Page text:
When students who are members of the Tonto Apache Tribe get their report cards, they have more to worry about than their parents.
As education liaison for the Tonto Apaches, Tinnen has access to the reports from students who are tribal members. He tracks their progress, provides help to the students and their parents, and works with school officials. His main duty as education liaison is to see that the students from the tribe are maintaining passing grades.
"I can check with the principals at the different schools," he said. "They can tell me what's going on with the students, if the students need tutoring, but the parents have to request that I get that information from the schools."
Tinen said the tribe provides a tutor for all the students at Frontier Elementary School, not just tribal members.
Eighteen students from the Tonto Apache Tribe are currently attending FES. Tinnen said there are 11 students from the tribe at the high school this year.
"A lot of concern of the (Tonto Apache) community is for education of the kids," he said.
Tinnen was hired two years ago as education liaison for the tribe. "I would like more time to work with education," he said, "teach the kids." He has another job with the tribe, as insurance liaison, that sometimes takes more time than he would like.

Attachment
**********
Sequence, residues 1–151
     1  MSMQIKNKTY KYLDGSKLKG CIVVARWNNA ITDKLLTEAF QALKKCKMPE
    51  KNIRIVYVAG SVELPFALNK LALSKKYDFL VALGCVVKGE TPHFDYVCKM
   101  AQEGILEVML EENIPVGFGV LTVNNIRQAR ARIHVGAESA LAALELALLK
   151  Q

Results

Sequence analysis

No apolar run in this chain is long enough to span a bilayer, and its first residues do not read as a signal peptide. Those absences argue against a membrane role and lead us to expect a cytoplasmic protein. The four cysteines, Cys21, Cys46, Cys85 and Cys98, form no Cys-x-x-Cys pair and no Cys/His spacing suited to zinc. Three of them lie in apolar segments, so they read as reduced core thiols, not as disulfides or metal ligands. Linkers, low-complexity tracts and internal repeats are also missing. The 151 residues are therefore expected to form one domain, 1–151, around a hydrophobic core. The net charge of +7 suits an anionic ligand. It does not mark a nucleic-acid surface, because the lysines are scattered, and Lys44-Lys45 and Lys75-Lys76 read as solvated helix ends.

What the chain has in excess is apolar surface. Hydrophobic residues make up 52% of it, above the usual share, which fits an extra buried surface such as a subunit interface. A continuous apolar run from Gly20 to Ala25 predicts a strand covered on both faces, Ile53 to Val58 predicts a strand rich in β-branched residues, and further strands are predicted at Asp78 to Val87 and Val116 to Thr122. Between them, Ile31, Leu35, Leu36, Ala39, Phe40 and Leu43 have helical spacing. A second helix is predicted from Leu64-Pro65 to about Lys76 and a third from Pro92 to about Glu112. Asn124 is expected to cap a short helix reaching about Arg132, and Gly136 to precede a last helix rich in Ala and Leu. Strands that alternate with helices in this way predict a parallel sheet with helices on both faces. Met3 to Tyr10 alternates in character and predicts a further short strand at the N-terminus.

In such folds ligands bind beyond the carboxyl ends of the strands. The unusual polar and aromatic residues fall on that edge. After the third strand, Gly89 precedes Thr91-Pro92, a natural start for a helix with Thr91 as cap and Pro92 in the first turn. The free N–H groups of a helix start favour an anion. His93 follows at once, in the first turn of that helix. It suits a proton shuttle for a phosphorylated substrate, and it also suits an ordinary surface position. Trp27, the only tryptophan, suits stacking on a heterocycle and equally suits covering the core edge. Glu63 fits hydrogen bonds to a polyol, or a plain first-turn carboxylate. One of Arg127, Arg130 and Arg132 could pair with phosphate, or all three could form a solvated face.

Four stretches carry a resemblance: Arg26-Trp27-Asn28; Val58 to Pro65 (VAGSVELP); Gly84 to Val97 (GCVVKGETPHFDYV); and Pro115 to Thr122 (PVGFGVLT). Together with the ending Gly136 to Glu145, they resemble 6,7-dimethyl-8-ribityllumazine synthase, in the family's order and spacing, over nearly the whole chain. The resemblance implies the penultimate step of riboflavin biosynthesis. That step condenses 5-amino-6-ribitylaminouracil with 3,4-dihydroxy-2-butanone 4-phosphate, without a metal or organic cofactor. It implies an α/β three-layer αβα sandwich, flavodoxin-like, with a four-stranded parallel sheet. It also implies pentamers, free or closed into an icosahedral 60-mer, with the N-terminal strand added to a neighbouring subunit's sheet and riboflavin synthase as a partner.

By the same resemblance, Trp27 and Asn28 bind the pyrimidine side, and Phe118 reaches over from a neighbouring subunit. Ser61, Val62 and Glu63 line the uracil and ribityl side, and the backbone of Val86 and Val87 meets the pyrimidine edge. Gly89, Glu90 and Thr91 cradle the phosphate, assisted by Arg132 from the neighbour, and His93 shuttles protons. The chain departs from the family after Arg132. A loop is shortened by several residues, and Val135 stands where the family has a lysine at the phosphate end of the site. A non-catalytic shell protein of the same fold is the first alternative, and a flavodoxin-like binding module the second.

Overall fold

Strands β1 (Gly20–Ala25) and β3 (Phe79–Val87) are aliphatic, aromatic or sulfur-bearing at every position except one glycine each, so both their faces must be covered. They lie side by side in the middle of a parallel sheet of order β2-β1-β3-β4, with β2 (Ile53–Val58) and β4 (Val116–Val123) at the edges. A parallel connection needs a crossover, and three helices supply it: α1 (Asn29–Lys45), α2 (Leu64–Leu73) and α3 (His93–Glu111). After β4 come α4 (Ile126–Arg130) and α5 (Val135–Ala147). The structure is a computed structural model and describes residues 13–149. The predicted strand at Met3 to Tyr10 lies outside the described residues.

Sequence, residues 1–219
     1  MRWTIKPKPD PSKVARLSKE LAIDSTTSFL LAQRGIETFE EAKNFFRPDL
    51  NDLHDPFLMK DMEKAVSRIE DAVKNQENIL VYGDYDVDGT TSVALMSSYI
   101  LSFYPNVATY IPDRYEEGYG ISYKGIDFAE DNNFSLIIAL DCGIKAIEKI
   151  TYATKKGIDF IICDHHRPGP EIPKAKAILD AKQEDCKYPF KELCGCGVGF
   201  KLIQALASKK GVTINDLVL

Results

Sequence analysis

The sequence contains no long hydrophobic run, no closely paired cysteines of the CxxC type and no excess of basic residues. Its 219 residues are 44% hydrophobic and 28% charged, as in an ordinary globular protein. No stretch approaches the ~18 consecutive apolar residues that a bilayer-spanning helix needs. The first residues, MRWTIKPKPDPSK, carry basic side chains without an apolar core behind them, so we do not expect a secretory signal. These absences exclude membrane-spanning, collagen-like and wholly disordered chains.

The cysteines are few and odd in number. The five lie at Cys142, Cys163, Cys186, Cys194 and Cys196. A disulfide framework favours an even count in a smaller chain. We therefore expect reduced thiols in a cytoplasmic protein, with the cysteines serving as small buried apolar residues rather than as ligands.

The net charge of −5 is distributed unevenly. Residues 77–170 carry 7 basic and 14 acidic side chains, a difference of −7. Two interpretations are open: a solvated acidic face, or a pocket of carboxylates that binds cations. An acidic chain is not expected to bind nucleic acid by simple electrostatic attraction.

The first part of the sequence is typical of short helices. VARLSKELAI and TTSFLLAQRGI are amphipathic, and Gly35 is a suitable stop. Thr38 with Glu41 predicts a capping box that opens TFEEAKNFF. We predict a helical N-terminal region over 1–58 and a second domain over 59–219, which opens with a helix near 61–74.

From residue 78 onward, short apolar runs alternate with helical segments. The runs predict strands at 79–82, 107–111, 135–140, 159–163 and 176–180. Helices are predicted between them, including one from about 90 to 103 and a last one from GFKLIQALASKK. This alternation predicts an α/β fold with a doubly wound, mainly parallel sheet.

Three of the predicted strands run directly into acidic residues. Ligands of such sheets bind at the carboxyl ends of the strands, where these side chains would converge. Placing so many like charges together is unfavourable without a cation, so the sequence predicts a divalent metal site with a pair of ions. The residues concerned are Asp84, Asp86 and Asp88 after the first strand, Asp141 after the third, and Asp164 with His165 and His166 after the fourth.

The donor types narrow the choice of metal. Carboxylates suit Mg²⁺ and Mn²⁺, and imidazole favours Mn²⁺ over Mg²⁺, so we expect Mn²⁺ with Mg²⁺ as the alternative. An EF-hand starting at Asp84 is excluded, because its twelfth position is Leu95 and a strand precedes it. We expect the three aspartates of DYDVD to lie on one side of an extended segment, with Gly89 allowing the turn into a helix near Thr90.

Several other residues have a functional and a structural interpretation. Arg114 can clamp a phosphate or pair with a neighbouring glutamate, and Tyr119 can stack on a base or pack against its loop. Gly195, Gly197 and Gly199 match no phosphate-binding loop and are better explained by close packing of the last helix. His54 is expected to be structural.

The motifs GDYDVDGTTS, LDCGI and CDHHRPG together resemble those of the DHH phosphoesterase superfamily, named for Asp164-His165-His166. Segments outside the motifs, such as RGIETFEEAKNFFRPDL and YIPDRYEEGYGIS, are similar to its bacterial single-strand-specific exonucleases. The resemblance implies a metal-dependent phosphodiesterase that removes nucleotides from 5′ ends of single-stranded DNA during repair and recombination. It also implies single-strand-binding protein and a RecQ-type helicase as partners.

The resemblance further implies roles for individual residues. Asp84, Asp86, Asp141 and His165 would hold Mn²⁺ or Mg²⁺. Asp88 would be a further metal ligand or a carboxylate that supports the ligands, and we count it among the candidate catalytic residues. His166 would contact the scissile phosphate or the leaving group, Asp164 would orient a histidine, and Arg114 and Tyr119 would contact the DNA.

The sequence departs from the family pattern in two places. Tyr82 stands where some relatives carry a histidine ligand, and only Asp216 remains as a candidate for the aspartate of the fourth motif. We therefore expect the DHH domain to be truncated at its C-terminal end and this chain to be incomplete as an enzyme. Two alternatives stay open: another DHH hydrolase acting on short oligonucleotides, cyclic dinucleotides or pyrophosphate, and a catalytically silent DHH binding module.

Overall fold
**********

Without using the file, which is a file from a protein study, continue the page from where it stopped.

Tinnen also runs the tribe's summer youth program. He is planning to get a DARE program and a Boys and Girls Club of America started at the reservation -- "not only for our kids, but for all the kids."
As a former member of the tribe's original donation committee, which was formed in 1997, Tinnen has a knowledge of what programs the tribe is interested in funding.
One percent of all the money the tribe takes in goes to donations.
Since 1997, the tribe has donated about $30,000 to various schools in Payson and Pine-Strawberry.
He said the tribe also donates to the Kiwanis Youth Auction and the Rocky Mountain Elk Foundation's "Wild Outdoor World" magazine, which is published for fourth grade students.
The Tonto Apache Tribe also donates to athletic programs. Tinnen said he hopes students will be motivated by the prospect of getting into the athletic programs and will get better grades.
"A student can see, if he brings his grades up, he can play golf or be on the baseball team," Tinnen said.
"You hear so much about the tribe having all this money. The tribe does a lot for the community, for all the schools and all the students. We're really involved in the education part."